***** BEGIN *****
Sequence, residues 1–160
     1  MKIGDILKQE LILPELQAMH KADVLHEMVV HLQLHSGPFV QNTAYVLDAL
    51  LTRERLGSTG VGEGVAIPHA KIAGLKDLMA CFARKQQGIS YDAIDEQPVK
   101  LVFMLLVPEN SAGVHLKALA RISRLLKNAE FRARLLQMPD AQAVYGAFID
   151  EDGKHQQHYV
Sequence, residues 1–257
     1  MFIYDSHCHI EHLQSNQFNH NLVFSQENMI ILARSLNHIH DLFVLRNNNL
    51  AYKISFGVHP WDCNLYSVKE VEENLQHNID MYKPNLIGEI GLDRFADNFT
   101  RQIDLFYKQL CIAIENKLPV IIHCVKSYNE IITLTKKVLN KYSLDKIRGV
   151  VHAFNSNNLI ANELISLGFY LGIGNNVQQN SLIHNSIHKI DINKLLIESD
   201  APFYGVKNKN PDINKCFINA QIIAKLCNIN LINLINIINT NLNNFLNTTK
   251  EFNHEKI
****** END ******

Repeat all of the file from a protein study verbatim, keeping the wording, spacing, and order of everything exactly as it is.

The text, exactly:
Sequence, residues 1–160
     1  MKIGDILKQE LILPELQAMH KADVLHEMVV HLQLHSGPFV QNTAYVLDAL
    51  LTRERLGSTG VGEGVAIPHA KIAGLKDLMA CFARKQQGIS YDAIDEQPVK
   101  LVFMLLVPEN SAGVHLKALA RISRLLKNAE FRARLLQMPD AQAVYGAFID
   151  EDGKHQQHYV
Sequence, residues 1–257
     1  MFIYDSHCHI EHLQSNQFNH NLVFSQENMI ILARSLNHIH DLFVLRNNNL
    51  AYKISFGVHP WDCNLYSVKE VEENLQHNID MYKPNLIGEI GLDRFADNFT
   101  RQIDLFYKQL CIAIENKLPV IIHCVKSYNE IITLTKKVLN KYSLDKIRGV
   151  VHAFNSNNLI ANELISLGFY LGIGNNVQQN SLIHNSIHKI DINKLLIESD
   201  APFYGVKNKN PDINKCFINA QIIAKLCNIN LINLINIINT NLNNFLNTTK
   251  EFNHEKI